It was about fifty yards to Irene’s house, if that. A dilapidated, eternally gray Victorian that, as I recall, was never touched during my boyhood. Just leave it as is. It’s like sticking one of your new Keds in a drainage ditch. It won’t get any muddier now, so why worry about it? But the house might as well have been in another planetary system, and we rarely launched probes in that direction. It wasn’t the space travel we found daunting, just the landing that posed a problem. Or so we thought. So we kept a safe distance. But we continued to monitor developments from our side of the DMZ, over by our swing set and the rhubarb. Duck and cover. Sometimes from behind the rabbit hutch I would fire a few BB rounds at her house to spook our pigeons, because they would land over there and poop on her roof. Which would then put Irene through another roof. But otherwise I tried to minimize the engagement.
Because Irene was a witch. Or at least we were pretty sure. She was round and tired, and wore washed-out gingham, and would suddenly appear from nowhere, which was disturbing. But it seemed most obvious when she would wash her hair and step out onto her porch to comb it. That was spooky. Her hair was salt and peppery and hung down to her knees, and after combing it out she’d twist it up in a bun. Probably so it would fit up under her witch hat, which she must have only worn indoors, since she never sported it out on the porch or while gardening. And I’m sure Dave down at Schurg’s grocery would have told me if she ever wore it in the produce section. And, speaking of the garden, one time Irene fell while weeding and couldn’t get up. We just crouched down and stared. It was like watching a turtle on its back trying to flip over. And of course, we didn’t come to her rescue. We hid behind the garage until she somehow got to her feet, because we didn’t think those things happened to witches. Damn kids.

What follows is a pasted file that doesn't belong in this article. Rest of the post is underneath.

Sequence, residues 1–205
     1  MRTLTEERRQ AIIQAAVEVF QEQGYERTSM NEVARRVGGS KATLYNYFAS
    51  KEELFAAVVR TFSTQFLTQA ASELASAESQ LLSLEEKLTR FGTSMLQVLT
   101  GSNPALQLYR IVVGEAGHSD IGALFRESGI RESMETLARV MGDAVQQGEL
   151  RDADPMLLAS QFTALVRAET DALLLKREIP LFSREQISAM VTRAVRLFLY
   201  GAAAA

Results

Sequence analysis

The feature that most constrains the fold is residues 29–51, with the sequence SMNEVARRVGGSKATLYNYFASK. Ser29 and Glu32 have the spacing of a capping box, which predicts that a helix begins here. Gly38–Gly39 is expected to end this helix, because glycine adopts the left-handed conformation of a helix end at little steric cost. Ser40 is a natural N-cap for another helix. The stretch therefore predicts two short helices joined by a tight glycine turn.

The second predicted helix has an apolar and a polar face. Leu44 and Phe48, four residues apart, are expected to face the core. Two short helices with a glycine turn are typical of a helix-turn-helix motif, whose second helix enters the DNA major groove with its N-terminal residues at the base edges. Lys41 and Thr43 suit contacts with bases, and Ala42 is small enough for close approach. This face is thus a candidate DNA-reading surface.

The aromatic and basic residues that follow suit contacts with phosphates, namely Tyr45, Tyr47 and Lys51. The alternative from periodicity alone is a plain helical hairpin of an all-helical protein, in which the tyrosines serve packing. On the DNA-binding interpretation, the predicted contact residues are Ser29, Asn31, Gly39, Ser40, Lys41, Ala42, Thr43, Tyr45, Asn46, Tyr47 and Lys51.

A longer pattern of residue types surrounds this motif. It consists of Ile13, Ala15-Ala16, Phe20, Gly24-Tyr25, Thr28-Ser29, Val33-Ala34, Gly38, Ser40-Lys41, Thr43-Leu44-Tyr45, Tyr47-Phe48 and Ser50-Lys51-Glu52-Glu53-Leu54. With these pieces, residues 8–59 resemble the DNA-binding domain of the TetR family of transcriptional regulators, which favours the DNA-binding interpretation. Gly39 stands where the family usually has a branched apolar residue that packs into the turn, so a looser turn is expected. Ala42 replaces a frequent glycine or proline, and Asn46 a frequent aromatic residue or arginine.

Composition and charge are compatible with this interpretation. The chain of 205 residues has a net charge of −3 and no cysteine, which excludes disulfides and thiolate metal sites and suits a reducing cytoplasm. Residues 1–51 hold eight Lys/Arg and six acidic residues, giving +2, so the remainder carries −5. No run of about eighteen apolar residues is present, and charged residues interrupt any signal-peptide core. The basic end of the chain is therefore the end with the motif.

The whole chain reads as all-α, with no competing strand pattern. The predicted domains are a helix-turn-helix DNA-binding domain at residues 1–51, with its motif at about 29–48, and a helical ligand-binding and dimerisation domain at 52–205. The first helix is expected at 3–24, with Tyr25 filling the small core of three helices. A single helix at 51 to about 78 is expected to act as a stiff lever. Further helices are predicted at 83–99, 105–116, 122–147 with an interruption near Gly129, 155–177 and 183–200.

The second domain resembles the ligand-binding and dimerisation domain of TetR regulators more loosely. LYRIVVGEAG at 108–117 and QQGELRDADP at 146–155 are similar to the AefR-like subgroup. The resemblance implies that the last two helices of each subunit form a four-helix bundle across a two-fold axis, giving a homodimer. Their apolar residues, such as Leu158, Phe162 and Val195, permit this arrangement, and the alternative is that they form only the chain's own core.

It was a curious world, Irene’s. She also had boarders living there. And one time Irene called my dad at the hardware store. She had a big, clipped voice. “MARVIN!”, she said, “what would you do if someone died?” Dad replied, “Well, Irene, I’d probably call Ralph Lightle" (the local funeral director). “Well, ya better call him, cuz Ole’s dead.” So dad, a former undertaker himself, went out the back door of the store and up to Irene’s house and walked right in. She was at the kitchen sink washing dishes. “He’s in there… I heard him drop.” So dad walked into Ole’s room and yep, sure enough, there was Ole, dead as a post. So dad closed Ole’s eyes, made certain he was laid out nicely, and walked back down to the store.
One of the great things about a DMZ, with its installed separations, is that it allows you to never get close enough to notice certain stuff, like tears rolling down someone’s face, or the lines that a hard life has drawn, so you don’t have to get mixed up in any of that. One can be heavily invested in the distance from another’s life so you can just get on with what you’re doing. Irene was a character in a novel, and when it was time for baseball practice I just closed the book and grabbed my glove. I was on a tight schedule.
Besides, I’m sure she was busy with her own concerns and never thought twice about us. Who knows, it’s possible she feared the DMZ as well. And over the years our relationship dropped into a broken place that I don’t suppose she knew how to fix either. Too late now. Maybe all she hoped for was that we would come over sometime and sit with her. Break through a bit. We could look out across an orange evening sky and talk a little, or just be still. Out on the porch. She could put that hat on for us. And wouldn’t that be something?